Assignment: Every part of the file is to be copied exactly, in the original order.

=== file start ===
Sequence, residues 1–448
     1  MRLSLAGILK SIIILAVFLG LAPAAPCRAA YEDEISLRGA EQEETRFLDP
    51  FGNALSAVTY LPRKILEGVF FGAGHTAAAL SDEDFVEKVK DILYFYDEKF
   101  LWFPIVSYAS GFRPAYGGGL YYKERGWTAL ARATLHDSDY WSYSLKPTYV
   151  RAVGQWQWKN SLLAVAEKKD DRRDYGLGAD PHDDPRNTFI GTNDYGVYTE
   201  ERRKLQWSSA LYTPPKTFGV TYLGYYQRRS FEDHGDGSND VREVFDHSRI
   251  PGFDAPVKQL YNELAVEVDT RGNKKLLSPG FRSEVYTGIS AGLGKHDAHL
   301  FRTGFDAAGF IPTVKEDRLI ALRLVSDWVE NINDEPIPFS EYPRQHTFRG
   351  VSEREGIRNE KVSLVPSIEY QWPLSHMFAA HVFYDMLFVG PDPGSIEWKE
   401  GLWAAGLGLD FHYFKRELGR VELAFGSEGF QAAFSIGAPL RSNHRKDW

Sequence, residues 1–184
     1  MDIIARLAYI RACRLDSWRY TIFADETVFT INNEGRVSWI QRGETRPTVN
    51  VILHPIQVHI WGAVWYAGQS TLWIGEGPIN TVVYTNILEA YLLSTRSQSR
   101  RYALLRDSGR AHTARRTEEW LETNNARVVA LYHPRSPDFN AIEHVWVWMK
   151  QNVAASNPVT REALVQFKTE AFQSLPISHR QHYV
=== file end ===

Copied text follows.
Sequence, residues 1–448
     1  MRLSLAGILK SIIILAVFLG LAPAAPCRAA YEDEISLRGA EQEETRFLDP
    51  FGNALSAVTY LPRKILEGVF FGAGHTAAAL SDEDFVEKVK DILYFYDEKF
   101  LWFPIVSYAS GFRPAYGGGL YYKERGWTAL ARATLHDSDY WSYSLKPTYV
   151  RAVGQWQWKN SLLAVAEKKD DRRDYGLGAD PHDDPRNTFI GTNDYGVYTE
   201  ERRKLQWSSA LYTPPKTFGV TYLGYYQRRS FEDHGDGSND VREVFDHSRI
   251  PGFDAPVKQL YNELAVEVDT RGNKKLLSPG FRSEVYTGIS AGLGKHDAHL
   301  FRTGFDAAGF IPTVKEDRLI ALRLVSDWVE NINDEPIPFS EYPRQHTFRG
   351  VSEREGIRNE KVSLVPSIEY QWPLSHMFAA HVFYDMLFVG PDPGSIEWKE
   401  GLWAAGLGLD FHYFKRELGR VELAFGSEGF QAAFSIGAPL RSNHRKDW

Sequence, residues 1–184
     1  MDIIARLAYI RACRLDSWRY TIFADETVFT INNEGRVSWI QRGETRPTVN
    51  VILHPIQVHI WGAVWYAGQS TLWIGEGPIN TVVYTNILEA YLLSTRSQSR
   101  RYALLRDSGR AHTARRTEEW LETNNARVVA LYHPRSPDFN AIEHVWVWMK
   151  QNVAASNPVT REALVQFKTE AFQSLPISHR QHYV